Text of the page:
This is often a more comfortable form of relationship for smaller companies with less marketing budget to play with (and more pressure to get it right) and for those without a strong knowledge of games. It does require more work from the client including numerous meetings and more reading, but it can sooth tension for first time advertisers, or provide a good opportunity to develop out a relationship between client and developer to prepare for more hands-off campaigns in the future.

If a client wants to be regularly involved in decision making for a project, we call that a Manager relationship. We’re of course referring to good managers, not micromanagers here. The client is a regular check in on progress and given the opportunity to make any significant decisions that come up during development, not just in the design/conceptualization phase. This requires a significant effort from the client, with regular meetings and reviews. It’s generally only a good idea for clients that understand games, with them taking an active role in regular decisions, they need to understand the medium and the audience to a degree that most companies aren’t in a position to do. Of course with a young, digitally literate company that can definitely be the case, but we wouldn’t assume it.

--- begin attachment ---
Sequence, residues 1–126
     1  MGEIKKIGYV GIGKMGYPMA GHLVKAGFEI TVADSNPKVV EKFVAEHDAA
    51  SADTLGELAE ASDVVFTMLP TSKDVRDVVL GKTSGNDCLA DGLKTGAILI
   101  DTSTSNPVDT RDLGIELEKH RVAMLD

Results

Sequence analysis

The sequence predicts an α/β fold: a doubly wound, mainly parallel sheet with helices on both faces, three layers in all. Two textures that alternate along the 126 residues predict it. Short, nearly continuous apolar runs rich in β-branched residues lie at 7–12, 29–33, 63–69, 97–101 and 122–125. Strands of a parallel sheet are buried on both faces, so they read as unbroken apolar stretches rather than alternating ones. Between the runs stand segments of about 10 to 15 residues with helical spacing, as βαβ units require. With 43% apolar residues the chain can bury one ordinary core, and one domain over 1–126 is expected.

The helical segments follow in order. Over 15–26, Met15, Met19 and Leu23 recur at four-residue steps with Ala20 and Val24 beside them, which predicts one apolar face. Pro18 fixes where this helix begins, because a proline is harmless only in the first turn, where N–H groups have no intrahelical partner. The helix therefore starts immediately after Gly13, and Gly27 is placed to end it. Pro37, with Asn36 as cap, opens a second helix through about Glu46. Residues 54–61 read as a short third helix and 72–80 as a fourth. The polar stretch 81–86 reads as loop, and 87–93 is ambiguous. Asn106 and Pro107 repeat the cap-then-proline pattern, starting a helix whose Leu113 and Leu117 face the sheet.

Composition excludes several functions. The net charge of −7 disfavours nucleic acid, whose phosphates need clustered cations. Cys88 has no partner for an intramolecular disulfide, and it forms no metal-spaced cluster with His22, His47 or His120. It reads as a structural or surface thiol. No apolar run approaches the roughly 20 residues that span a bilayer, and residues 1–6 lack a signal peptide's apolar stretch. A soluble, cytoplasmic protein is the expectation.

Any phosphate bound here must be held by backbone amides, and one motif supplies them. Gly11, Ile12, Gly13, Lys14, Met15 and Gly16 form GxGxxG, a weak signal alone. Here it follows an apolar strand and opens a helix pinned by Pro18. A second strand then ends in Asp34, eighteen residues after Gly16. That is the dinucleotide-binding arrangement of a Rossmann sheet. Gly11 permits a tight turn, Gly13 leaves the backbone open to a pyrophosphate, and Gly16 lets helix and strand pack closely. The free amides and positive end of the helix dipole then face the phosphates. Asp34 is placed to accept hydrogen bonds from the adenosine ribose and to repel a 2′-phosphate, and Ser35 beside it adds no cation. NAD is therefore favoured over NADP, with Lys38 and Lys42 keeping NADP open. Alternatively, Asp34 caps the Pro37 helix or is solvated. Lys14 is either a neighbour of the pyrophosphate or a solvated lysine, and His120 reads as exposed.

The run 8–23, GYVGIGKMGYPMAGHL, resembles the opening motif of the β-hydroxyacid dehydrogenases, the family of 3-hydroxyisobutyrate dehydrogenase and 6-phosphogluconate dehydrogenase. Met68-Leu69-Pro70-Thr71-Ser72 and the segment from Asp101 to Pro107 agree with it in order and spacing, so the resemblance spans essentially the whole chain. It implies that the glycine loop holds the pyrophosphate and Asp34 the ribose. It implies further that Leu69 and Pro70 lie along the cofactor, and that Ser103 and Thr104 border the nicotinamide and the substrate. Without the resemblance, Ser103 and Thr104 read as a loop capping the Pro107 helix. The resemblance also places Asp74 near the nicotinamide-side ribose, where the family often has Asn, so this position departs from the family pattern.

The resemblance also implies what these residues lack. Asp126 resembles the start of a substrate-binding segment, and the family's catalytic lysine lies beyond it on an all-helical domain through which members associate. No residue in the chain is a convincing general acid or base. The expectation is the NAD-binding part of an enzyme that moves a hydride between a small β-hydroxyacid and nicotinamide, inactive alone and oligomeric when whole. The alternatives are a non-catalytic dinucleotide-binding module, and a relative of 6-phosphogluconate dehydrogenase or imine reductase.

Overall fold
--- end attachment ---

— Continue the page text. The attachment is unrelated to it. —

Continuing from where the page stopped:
This can also be a good idea for a project that is highly sensitive, like those built around a political or social issue, or made to represent a specific community or culture, where the client has that important contextual knowledge to guide game development. These projects could also be handled at High Level or even Hands-Off relationship styles if the project has a cultural consultant or similar outside source for critical input and feedback.